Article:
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Cybersecurity Posture is a Must in an Anti-Cyber-Attack

cybersecurity

More than 10 years ago, fewer than one in four companies relied on the Internet for their business. But now,  it is 100 percent. Despite this growth,  the Internet has now been accompanied by a steady increase in the severity of “Cyber-Attacks.”

Billions of business individuals worldwide have had their personal data stolen, exposed, and rapidly occurring at a high frequency.

According to the WHSR Security evaluation, Germany tends to have the highest cyber incident. Although the United States is naturally a major target for cybercriminals. However, Germany lost an estimated $50 Billion to cybercrime, ranging from big corporations to small business enterprises.

Cybercriminals are reaching further than before, that for every 60 seconds, $1.1 million is lost to cyberattacks. In fact, Australians lost over $634 million in total to cyber-attack in just 12 months. Meanwhile, these at pace have set to cost business affair $5.2 trillion ‘worldwide’ with continuity to affect critical, pivotal facilities.  For all that, this unprecedented cybercriminal activity has generated businesses across the globe, $128 billion in cyber spending.

It’s fair to say that this has been the era of Cyber Attacks. However, not becoming a victim should be a priority for every organization rather than adding up to the number of amounts “lost” to cyber-threats.  Since cyber-attacks are globally increasing, operational effort to respond and prevent must therefore be proactive.

Cybersecurity posture; an organization’s coast-to-coast defense in disagreement with cyber-attacks

Understanding cybersecurity posture is essential to recognize where your organization stands regarding online security threats such as data breaches and intrusions.  However, by understanding where your organization is most vulnerable, you can begin to establish a plan for creating a more secure environment.

Security posture refers to the strength of your overall cybersecurity defense. This is important because cybersecurity threats are ever-increasing, and cyberattacks are considered the third greatest global threat, according to the World Economic Forum (WEF).

The modern enterprise’s attack surface is ever-growing, which makes gaining an accurate understanding of a big challenge. The hard truth is that most organizations only have a vague understanding of their attack surface and overall cybersecurity posture.

For an organization with a thousand employees, over 10 million time-varying signals should be analyzed to predict breach risk accurately. This enterprise attack surface includes a wide variety of assets spanning across its infrastructure— applications, managed and unmanaged endpoints (fixed and mobile), IoT, and cloud services. Once these elements, breached in many ways, this compromise enterprise asset, giving cyber-attackers an initial foothold inside the company’s network.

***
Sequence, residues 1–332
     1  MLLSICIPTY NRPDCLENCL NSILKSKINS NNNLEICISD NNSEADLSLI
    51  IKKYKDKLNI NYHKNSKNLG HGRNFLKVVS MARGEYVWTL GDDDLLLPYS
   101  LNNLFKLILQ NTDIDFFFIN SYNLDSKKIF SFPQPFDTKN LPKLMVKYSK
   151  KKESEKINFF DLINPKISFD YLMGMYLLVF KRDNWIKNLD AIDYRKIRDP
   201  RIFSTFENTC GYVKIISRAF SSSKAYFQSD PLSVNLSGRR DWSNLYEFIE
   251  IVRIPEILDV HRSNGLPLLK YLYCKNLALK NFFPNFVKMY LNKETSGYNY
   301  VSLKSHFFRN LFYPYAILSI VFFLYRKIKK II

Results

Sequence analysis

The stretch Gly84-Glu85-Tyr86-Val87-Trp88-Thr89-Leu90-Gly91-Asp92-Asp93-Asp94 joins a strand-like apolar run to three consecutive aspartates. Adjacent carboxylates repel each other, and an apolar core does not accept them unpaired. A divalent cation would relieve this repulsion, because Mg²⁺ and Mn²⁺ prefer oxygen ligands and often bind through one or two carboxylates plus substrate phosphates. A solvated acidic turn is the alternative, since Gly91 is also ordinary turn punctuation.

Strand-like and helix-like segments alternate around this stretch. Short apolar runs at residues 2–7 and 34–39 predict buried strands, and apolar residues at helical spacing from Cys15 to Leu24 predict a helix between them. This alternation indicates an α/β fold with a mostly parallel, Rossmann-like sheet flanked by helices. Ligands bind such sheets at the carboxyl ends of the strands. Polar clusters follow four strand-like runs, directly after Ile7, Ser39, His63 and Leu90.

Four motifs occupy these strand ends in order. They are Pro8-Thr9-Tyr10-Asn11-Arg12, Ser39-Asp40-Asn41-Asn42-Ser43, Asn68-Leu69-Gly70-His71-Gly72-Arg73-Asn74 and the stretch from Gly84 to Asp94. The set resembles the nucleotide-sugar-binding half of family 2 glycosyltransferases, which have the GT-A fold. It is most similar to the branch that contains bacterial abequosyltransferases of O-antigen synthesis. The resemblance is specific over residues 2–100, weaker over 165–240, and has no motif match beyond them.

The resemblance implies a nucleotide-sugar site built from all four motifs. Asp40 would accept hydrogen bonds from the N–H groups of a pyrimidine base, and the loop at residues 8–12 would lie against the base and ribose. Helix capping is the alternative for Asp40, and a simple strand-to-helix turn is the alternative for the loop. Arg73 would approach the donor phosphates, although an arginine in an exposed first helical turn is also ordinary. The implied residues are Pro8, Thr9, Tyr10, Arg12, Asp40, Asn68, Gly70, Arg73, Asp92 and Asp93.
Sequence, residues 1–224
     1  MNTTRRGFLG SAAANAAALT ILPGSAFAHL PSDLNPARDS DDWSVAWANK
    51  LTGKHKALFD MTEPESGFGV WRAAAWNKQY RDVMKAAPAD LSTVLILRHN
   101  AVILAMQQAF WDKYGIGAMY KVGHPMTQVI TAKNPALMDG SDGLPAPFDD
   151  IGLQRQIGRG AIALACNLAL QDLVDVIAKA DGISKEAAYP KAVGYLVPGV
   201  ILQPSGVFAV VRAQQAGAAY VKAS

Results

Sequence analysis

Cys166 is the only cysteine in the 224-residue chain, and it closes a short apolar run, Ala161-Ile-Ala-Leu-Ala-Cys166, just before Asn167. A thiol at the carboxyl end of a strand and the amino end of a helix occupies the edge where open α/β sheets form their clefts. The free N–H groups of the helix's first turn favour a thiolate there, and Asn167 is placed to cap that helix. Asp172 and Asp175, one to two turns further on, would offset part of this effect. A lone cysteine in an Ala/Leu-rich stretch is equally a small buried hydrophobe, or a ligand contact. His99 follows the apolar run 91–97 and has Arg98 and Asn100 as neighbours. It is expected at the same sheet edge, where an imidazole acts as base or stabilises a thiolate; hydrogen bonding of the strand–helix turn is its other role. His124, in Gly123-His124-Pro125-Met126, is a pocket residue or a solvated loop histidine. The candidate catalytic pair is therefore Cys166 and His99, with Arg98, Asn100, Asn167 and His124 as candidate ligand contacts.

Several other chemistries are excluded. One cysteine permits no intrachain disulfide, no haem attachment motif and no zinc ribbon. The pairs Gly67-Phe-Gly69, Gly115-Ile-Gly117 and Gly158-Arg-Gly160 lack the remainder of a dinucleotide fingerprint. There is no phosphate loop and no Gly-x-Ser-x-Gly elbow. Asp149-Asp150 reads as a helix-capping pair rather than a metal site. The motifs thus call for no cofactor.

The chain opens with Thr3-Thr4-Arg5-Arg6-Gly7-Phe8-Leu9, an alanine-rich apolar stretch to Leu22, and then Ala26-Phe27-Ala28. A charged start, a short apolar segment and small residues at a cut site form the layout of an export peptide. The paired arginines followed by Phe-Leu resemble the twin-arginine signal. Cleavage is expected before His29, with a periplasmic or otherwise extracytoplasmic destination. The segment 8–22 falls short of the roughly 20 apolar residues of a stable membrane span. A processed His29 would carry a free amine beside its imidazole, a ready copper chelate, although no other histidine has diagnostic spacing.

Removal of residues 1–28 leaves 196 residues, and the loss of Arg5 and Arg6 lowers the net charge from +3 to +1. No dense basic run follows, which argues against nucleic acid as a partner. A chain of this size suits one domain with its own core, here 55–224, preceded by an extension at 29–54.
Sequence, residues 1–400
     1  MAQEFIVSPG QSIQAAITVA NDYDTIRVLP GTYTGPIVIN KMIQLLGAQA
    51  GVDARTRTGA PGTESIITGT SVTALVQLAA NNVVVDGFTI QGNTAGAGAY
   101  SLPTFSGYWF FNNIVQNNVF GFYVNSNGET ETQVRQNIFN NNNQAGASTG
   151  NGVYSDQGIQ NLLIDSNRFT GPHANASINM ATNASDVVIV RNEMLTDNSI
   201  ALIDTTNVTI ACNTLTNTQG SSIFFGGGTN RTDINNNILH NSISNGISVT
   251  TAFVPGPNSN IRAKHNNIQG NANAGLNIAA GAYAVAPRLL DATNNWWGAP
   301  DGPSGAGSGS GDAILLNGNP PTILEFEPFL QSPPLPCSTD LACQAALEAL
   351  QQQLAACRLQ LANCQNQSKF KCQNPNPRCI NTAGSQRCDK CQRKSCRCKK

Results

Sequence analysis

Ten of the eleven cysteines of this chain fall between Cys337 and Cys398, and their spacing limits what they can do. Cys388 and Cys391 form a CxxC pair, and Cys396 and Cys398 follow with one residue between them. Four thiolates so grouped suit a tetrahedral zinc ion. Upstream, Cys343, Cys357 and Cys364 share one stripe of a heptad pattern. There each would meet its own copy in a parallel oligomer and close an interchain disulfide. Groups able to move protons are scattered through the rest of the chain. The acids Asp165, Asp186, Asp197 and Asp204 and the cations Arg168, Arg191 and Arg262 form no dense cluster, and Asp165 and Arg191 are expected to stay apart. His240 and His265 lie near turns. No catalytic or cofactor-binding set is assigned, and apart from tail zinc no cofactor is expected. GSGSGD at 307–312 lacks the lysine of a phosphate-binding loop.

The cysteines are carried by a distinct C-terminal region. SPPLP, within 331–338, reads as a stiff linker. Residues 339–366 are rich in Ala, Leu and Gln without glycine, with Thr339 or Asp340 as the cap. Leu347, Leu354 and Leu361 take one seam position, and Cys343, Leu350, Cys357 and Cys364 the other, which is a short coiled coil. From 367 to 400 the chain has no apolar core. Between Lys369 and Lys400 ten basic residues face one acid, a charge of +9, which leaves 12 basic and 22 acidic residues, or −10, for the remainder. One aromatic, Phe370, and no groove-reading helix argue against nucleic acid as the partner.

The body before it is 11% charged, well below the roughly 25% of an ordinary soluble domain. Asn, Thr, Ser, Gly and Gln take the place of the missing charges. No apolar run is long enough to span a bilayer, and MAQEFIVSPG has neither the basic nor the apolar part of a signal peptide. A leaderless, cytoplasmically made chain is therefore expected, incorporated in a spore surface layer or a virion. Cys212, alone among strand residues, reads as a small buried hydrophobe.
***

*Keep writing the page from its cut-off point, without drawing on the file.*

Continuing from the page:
It is important to create a habit of regularly monitoring and maintaining your cybersecurity posture, most importantly, your cybersecurity risk. To understand the efficacy of cybersecurity posture, cybersecurity risk assessment by an organization must be completed. Cybersecurity risk is the probability of exposure or loss resulting from a cyber-attack or data breach on your organization. A better, more encompassing definition is the potential loss or harm related to technical infrastructure, use of technology, or an organization’s reputation. To put it simply, as your cybersecurity posture strength increases, your cybersecurity risk should decrease. This helps to identify all vulnerability points to help your organization more proactive rather than reactive to cybersecurity threats.

Maturity Assessment – worth of your cybersecurity posture; coming-of-age call’s and objectives

Maturity assessment is an upright pillar of an organization’s information security capability to protect the business against applicable cyber risks.  This measures the ability of an organization for continuous improvement in a securing discipline, which can be drilled down to departmental view, functional view, and process view.

Throughout the course of operations, business leaders set goals and objectives for their enterprise, and they rally teams to work hard and deliver on them. These goals and objectives are business needs; they are the things the business must have or achieve to run, be profitable, serve effectively, and deliver successfully on its mission. However, organizations with the most mature security posture don’t break-out, avoid cybersecurity mistakes during business racing and successfully outperform their peers.

The higher the maturity, the higher the chances that mistakes or errors will lead to improvements either in the quality or the use of the discipline’s resources as implemented by an organization. The Security Maturity Assessment gives a first look at how mature your organization is concerning cybersecurity. By knowing the security level, an organization can build an effective cyber protection strategy for the future.

Cybersecurity maturity assessment can analyze the current security state, with a view towards the desired state. It assesses cybersecurity controls and realize new technology-process controls. The main advantage is to specify the maturity level of an organization. Whereby each level depends on a group of processes. Each process can depend on the infrastructure, resources, operation’s automation, and user’s knowledge. Hence, cybersecurity maturity can help to distinguish between organizations.